Dear Parish Family:
As I write this reflection on my upcoming 25th Anniversary to the priesthood, I am profoundly aware of how good and kind God is to me. Growing up a boy in Nebraska I would never have imagined the journey that has opened up before me as a result of saying “yes” to a stirring in my heart that I wanted to become a priest.
Many people have recently asked; “How did you know God was calling you to the priesthood?” You would not think so, but it always startles me. I feel like I have to reflect on it again and ask myself; “yes, just how did I know?” It is sometimes said that every vocation is a mystery. Not in the sense of figuring out a puzzle, but rather for the eyes of faith, an ever-emerging reality that becomes clearer over time. What I said “yes” to when I felt the first stirrings in my heart was not a call explicitly to the priesthood, but rather a desire to do something for God, because I felt love for Him, when I walked into a Church as a small boy. Then, one day while sitting in my 7th grade Friday religion class with the associate pastor, I began to daydream and all of the sudden I thought “I want to do what he does!” It just looked so attractive; but I didn’t know exactly why.READ MORE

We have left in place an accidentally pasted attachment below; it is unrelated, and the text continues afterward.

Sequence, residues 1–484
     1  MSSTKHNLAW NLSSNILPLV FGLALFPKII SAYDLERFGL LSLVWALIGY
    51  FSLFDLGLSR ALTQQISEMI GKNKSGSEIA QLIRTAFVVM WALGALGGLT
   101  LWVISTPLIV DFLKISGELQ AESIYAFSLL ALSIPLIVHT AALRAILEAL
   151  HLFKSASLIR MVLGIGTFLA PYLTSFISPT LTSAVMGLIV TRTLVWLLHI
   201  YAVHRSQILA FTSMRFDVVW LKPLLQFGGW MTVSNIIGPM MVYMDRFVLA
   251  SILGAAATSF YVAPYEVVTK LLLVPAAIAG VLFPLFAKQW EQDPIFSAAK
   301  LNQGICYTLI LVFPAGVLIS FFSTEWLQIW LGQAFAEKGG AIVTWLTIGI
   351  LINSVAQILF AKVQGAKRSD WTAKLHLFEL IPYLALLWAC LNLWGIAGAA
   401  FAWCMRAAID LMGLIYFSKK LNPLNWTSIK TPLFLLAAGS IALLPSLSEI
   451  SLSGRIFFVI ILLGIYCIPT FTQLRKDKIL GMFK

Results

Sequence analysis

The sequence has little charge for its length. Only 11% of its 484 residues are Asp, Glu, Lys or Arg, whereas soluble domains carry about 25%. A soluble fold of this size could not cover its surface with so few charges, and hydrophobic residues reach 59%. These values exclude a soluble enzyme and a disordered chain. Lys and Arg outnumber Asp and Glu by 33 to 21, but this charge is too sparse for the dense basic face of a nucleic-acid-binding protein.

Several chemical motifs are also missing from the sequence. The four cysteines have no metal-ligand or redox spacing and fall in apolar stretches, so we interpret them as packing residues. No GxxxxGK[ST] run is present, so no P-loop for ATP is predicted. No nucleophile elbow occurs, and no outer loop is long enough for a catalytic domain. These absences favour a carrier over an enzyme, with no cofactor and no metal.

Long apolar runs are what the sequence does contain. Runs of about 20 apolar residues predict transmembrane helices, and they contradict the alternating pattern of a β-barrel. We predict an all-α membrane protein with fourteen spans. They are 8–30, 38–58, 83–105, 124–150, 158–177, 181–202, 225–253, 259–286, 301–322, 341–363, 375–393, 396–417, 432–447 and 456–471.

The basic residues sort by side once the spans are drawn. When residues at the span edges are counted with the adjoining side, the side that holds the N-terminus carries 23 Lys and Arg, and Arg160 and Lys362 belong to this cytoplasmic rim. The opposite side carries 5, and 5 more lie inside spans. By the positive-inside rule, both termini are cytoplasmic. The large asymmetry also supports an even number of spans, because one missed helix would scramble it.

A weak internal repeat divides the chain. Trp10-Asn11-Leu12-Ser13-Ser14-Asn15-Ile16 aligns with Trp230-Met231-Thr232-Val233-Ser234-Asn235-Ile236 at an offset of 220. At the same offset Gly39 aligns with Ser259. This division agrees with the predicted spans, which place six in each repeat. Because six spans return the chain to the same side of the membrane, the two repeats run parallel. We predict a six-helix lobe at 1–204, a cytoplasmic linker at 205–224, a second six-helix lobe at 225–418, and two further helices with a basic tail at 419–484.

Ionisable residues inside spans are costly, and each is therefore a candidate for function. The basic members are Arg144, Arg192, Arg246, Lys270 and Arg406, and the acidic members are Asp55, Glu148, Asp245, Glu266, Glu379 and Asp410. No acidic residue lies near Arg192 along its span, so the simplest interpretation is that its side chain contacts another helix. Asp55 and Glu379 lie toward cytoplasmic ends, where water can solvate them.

The apostles were fascinated by Jesus. They were often perplexed by His parables, stunnedby His wisdom and in awe of His power to heal. Yet perhaps the most touching appeal thedisciples ever made to Jesus was when they asked Him how to pray. The Gospel recordsthat, “He was praying in a certain place, and when He had finished, one of His disciplessaid to Him, Lord, teach us to pray” (Luke 11:1). Jesus was perfectly one with the Father.He was able to be present to all those whom He ministered to because of His union withthe Father in prayer. In Eucharistic Adoration we too can pray as Jesus did, in silence andsolitude. We can present our needs before Him, as outlined in the Our Father, drawingstrength to fulfill our mission to love and to be a saint in the Church. Jesus’ beauty shinesforth in the Eucharist but it also shines forth in those who approach Adoration and seek tobe transformed into His apostles of love.
The book of Genesis describes how God worked for six days, creating the heavens and the earth and how on the seventhday He rested. Likewise, Jesus spent His days ministering to the crowds, feeding the hungry, and healing the sick, yetHe drew His strength by frequently taking time to be alone with His Father in prayer. Jesus teaches us that in order to befruitful in ministry, in order to “be” for others we must first receive love and strength from God our Father in prayer. InEucharistic Adoration we too can take time to be alone with God—to allow Him to fill us with His strength and Hislove. The love we give to others is only what we have first received from God. In Adoration we receive the grace necessary to be faithful and fruitful for the Kingdom of God.